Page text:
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DNA Biosensor Enables Early Diagnosis of Cervical Cancer

By LabMedica International staff writers
Posted on 21 Dec 2023
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Image: The electrochemical sensor detects HPV-16 and HPV-18 with high specificity (Photo courtesy of 123RF)
Image: The electrochemical sensor detects HPV-16 and HPV-18 with high specificity (Photo courtesy of 123RF)

Molybdenum disulfide (MoS2), recognized for its potential to form two-dimensional nanosheets like graphene, is a material that's increasingly catching the eye of the scientific community. These nanosheets are formed through the stacking of S–Mo–S layers that are held together by Van der Waals forces. MoS2's distinctive structural, optical, thermal, and electrochemical attributes have paved the way for research in diverse domains, including biomolecule sensing, optoelectronics, energy storage, and more. Historically, carbon nanostructures have been used as an immobilization platform for DNA. To replace carbon with MoS2 as an effective electrochemical DNA sensor, the electrical conductivity of MoS2 must be improved significantly.

To tackle this challenge, researchers at Chung-Ang University (Seoul, South Korea) have devised an electrochemical DNA biosensor using a composite of graphitic nano-onions and MoS2 nanosheets. This biosensor shows promise in detecting human papillomavirus (HPV) types 16 and 18, offering the potential for early cervical cancer diagnosis. The team measured the biosensor's sensitivity to these HPV types using the differential pulse voltammetry (DPV) technique in conjunction with methylene blue (MB) as a redox indicator. They observed that the nano-onion/MoS2 nanosheet composite electrode demonstrated higher current peaks than its MoS2-only counterpart, suggesting enhanced conductive electron transfer facilitated by the nano-onions.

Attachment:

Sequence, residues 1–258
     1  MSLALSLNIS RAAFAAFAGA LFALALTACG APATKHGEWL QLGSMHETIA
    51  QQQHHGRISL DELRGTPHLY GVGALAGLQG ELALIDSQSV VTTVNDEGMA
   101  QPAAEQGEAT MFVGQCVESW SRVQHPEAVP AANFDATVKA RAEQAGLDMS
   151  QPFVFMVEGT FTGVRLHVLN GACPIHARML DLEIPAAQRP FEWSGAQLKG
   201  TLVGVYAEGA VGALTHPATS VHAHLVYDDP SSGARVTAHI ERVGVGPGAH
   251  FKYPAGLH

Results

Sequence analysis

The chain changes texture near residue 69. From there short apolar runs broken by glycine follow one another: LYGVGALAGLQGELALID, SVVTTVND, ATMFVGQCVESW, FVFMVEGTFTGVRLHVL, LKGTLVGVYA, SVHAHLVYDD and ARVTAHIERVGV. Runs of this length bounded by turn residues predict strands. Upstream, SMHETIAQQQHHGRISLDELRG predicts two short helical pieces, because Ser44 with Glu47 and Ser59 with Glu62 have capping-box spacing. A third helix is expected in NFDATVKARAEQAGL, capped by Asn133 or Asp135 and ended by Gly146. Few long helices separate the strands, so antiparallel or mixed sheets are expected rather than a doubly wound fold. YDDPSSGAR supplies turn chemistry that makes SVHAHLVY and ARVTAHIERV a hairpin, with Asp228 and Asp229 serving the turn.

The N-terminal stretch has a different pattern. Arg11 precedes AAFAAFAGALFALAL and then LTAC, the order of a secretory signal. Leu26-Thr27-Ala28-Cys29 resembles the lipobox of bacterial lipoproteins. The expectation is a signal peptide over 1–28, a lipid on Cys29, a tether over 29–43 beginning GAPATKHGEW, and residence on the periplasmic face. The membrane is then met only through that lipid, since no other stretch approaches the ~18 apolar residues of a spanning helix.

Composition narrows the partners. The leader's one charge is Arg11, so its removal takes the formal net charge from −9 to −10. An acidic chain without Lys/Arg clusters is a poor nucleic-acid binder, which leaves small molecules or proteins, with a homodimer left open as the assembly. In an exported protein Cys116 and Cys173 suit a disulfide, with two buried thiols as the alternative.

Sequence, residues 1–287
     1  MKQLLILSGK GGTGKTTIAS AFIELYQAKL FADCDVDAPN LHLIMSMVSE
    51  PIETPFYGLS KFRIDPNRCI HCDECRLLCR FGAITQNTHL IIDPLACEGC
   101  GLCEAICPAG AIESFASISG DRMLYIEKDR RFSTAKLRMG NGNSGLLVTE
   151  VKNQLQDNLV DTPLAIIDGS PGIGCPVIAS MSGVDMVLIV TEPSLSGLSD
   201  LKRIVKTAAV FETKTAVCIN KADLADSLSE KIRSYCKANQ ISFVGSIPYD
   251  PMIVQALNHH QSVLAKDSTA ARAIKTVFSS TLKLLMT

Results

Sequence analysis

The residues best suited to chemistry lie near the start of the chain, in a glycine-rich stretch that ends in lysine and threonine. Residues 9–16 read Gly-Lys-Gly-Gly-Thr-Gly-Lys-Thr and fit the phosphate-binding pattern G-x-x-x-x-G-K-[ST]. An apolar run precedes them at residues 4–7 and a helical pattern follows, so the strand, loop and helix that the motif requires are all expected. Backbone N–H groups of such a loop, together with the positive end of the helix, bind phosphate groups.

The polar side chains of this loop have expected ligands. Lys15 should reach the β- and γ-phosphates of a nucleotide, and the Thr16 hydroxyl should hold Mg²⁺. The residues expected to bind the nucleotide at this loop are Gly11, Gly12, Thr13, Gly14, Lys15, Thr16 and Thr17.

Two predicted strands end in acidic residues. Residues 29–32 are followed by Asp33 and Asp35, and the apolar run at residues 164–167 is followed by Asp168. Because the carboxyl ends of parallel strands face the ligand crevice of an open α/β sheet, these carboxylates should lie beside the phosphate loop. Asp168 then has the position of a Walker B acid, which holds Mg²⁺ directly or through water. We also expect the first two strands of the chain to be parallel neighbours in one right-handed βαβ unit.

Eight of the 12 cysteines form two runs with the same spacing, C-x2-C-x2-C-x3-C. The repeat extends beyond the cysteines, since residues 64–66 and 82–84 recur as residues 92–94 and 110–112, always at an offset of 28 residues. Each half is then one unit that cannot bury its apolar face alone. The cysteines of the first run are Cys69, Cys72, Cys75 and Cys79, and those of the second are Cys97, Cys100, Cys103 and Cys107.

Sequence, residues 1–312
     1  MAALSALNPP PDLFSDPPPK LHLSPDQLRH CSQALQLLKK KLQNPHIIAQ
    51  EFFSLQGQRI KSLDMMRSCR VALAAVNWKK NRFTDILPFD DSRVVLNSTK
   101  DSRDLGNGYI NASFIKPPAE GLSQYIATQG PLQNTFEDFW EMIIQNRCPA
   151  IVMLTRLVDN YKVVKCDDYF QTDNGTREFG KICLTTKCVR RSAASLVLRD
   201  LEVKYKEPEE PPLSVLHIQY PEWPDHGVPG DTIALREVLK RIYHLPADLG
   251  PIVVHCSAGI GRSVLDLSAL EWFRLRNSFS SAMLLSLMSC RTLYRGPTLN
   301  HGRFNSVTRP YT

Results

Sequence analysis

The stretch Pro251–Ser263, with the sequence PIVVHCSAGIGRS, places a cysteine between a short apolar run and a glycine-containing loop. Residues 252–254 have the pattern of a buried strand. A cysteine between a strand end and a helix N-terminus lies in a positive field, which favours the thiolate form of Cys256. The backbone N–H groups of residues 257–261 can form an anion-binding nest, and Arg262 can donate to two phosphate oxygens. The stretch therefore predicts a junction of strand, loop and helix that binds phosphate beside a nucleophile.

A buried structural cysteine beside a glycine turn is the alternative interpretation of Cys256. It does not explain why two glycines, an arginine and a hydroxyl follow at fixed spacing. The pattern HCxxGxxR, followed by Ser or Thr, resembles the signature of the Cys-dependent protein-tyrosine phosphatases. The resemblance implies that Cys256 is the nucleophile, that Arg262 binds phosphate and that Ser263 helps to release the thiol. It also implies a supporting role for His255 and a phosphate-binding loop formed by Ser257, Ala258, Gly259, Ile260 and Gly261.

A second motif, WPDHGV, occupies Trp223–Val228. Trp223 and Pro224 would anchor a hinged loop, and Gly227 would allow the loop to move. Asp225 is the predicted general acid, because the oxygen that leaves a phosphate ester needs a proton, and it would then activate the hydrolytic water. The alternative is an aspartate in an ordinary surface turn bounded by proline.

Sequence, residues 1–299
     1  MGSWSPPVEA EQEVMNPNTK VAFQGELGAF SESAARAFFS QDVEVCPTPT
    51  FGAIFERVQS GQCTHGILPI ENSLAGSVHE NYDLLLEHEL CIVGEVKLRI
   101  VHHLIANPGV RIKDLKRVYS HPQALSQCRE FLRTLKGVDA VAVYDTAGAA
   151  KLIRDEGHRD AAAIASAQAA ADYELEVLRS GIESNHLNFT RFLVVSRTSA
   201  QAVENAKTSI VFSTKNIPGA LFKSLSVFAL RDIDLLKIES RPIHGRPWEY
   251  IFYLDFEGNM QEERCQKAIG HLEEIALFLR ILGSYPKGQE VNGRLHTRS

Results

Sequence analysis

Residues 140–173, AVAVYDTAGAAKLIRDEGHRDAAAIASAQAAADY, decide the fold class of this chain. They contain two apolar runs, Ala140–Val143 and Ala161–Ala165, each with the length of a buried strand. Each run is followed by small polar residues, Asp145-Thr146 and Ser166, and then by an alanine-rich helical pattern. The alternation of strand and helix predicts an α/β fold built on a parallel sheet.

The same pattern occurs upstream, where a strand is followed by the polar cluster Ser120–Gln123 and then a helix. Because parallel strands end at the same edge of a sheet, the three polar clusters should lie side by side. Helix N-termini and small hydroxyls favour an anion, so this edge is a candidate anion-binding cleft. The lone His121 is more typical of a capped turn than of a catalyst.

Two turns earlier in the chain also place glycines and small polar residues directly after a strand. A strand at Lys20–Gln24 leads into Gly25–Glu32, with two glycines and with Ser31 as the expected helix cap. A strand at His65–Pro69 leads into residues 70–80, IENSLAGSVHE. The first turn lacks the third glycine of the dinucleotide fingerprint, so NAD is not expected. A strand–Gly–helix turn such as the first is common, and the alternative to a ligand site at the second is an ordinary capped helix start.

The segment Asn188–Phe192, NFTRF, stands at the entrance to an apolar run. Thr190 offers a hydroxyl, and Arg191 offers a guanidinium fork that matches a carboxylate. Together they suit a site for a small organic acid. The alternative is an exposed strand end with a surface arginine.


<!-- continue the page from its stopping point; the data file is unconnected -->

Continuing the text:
This enhancement led to the effective and specific detection of target DNAs from HPV-16 and HPV-18 Siha and Hela cancer cell lines. As a result, MoS2 nanosheets with improved electrical conductivity, when combined with nano-onions, have shown potential as a robust platform for creating electrochemical biosensors that can efficiently diagnose various health conditions, including cervical cancer. Moreover, the integration of nano-onions or nanodiamonds with various organic biomaterials could lead to advancements in chemical functionality, electron transfer conductivity, light absorption, and more. These developments hold promise for groundbreaking applications in disease sensing, targeted drug delivery, and biomedical imaging and diagnostics.

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